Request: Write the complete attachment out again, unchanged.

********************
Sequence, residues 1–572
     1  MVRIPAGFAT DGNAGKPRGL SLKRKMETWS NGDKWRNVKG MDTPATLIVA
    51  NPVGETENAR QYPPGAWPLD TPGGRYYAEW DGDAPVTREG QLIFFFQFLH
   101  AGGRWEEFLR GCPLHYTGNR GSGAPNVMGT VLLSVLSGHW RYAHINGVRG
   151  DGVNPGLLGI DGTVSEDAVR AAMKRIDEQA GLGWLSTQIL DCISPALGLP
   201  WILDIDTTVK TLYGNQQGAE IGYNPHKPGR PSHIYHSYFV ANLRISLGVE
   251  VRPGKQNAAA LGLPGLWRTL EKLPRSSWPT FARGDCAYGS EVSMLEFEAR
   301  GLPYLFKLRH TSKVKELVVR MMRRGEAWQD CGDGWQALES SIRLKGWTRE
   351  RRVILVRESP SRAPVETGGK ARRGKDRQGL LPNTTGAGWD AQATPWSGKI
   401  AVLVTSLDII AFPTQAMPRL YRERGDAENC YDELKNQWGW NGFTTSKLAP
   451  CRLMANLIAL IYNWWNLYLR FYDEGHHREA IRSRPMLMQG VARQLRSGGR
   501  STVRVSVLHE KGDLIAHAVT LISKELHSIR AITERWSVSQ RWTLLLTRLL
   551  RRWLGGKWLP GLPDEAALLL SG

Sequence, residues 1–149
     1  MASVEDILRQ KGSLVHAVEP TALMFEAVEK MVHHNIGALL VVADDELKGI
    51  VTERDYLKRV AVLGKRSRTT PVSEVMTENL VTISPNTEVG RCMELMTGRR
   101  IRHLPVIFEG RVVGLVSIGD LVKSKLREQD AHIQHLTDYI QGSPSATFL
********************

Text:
Sequence, residues 1–572
     1  MVRIPAGFAT DGNAGKPRGL SLKRKMETWS NGDKWRNVKG MDTPATLIVA
    51  NPVGETENAR QYPPGAWPLD TPGGRYYAEW DGDAPVTREG QLIFFFQFLH
   101  AGGRWEEFLR GCPLHYTGNR GSGAPNVMGT VLLSVLSGHW RYAHINGVRG
   151  DGVNPGLLGI DGTVSEDAVR AAMKRIDEQA GLGWLSTQIL DCISPALGLP
   201  WILDIDTTVK TLYGNQQGAE IGYNPHKPGR PSHIYHSYFV ANLRISLGVE
   251  VRPGKQNAAA LGLPGLWRTL EKLPRSSWPT FARGDCAYGS EVSMLEFEAR
   301  GLPYLFKLRH TSKVKELVVR MMRRGEAWQD CGDGWQALES SIRLKGWTRE
   351  RRVILVRESP SRAPVETGGK ARRGKDRQGL LPNTTGAGWD AQATPWSGKI
   401  AVLVTSLDII AFPTQAMPRL YRERGDAENC YDELKNQWGW NGFTTSKLAP
   451  CRLMANLIAL IYNWWNLYLR FYDEGHHREA IRSRPMLMQG VARQLRSGGR
   501  STVRVSVLHE KGDLIAHAVT LISKELHSIR AITERWSVSQ RWTLLLTRLL
   551  RRWLGGKWLP GLPDEAALLL SG

Sequence, residues 1–149
     1  MASVEDILRQ KGSLVHAVEP TALMFEAVEK MVHHNIGALL VVADDELKGI
    51  VTERDYLKRV AVLGKRSRTT PVSEVMTENL VTISPNTEVG RCMELMTGRR
   101  IRHLPVIFEG RVVGLVSIGD LVKSKLREQD AHIQHLTDYI QGSPSATFL